Amazon and the Federal Trade Commission are battling in court about whether the agency should be allowed to continue with its lawsuit alleging that the online retailer unfairly charged parents for their children's in-app purchases.
Amazon says in court papers that the FTC is seeking to hold the company “to a new and unjustified” standard of unfair billing. “The requirements that the FTC seeks to impose through this lawsuit for in-app purchases are unmoored from any ... congressional mandate and unchecked by any lawful rulemaking process,” Amazon argues in a motion to dismiss the FTC's lawsuit.
But the FTC counters in papers filed this week that its allegations center on well-known principles banning companies from charging consumers without their consent. “Billing for unauthorized charges is an unfair practice,” the FTC says in its complaint. The agency adds that its complaint alleges the factors that establish unfair billing -- including that consumers lost money, and weren't able to avoid doing so.
The legal disputes dates to July, when the FTC sued Amazon in federal court for allegedly allowing children to make in-app purchases without their parents' consent. When Amazon initially launched its app store, in November 2011, the company allowed children to make purchases without entering a password, according to the FTC. Amazon later began requiring passwords, but only for charges of more than $20, the FTC alleges.
The FTC says these practices resulted in bills to parents for unauthorized in-app purchases by their children. The agency is seeking a court order requiring Amazon to reimburse parents for any charges that were incurred without their consent.
Earlier this year, Apple and Google agreed to provide refunds to parents in order to settle similar allegations by the FTC.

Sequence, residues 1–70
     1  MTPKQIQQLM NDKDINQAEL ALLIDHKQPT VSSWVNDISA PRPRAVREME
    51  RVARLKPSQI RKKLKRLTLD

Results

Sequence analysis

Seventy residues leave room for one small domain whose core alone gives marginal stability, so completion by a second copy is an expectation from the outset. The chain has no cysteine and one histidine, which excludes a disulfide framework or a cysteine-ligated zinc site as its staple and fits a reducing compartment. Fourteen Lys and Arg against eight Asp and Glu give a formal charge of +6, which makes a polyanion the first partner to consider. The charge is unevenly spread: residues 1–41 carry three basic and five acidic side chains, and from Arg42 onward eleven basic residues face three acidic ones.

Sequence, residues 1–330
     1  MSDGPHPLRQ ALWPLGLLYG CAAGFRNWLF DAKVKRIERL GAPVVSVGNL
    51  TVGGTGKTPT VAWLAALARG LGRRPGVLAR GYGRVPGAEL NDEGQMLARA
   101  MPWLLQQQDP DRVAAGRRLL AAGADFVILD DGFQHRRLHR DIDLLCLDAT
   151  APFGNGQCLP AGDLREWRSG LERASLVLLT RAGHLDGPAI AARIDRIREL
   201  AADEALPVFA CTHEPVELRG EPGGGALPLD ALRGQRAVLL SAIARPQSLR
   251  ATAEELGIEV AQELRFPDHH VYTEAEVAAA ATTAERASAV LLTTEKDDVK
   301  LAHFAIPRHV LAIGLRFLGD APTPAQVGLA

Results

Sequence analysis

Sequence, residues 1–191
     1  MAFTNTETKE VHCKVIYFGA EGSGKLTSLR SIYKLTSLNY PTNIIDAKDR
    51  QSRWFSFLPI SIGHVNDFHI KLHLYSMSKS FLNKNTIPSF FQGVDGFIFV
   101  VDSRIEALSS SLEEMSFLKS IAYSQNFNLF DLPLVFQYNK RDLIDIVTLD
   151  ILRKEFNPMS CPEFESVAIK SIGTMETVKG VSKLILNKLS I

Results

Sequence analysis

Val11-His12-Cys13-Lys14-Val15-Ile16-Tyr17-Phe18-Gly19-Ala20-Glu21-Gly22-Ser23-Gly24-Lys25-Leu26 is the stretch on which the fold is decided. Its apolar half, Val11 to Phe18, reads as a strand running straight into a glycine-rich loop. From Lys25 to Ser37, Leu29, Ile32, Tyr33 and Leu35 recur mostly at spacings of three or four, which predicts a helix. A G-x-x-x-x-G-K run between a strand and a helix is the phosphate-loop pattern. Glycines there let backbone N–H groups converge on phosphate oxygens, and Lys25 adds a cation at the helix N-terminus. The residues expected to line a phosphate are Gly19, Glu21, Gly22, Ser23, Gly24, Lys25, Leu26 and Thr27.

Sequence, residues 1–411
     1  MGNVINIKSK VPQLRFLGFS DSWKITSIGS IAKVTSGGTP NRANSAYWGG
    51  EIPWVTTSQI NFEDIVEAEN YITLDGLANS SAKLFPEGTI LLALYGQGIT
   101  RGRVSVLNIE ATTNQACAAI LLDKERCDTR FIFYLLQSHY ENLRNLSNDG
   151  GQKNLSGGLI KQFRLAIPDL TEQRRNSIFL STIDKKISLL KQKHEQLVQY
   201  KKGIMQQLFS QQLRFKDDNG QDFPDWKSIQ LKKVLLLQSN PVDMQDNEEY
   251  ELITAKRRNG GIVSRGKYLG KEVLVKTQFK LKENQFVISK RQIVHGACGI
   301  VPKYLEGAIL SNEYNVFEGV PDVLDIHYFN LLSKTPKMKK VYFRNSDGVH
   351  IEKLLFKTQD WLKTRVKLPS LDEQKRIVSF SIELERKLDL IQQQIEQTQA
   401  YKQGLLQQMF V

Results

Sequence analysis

Amazon, which refused to settle out of court, argues that there was nothing wrong with its one-click purchase procedure for apps. “The Commission contends that Amazon violated Section 5 because it did not override Amazon’s famous 1-Click purchasing method and obtain 'express informed consent' from the parent each time a user who might be a child subsequently made an in-app purchase on the parent’s mobile device,” the company argues in its legal papers. “The Commission may not impose that new standard in this action,” Amazon adds.
Amazon also argues that it informed users about its one-click purchasing feature, and told parents that they would be responsible for in-app charges made by children. The company adds that enabled parents to block in-app purchases, among other controls.
“Moreover,” Amazon adds, “parents have always had the option to avoid any injury from a purchase they regret simply by seeking a refund from Amazon through Amazon’s customer service.”
The FTC said in its original complaint that parents faced “hurdles” to obtaining refunds. “Amazon’s process is unclear and confusing, involving emails and web pages that do not explain how to seek a refund for in-app charges, or that suggest that consumers cannot obtain a refund for such charges,” the FTC alleged.
The matter is pending before U.S. District Court Judge John Coughenour in Seattle.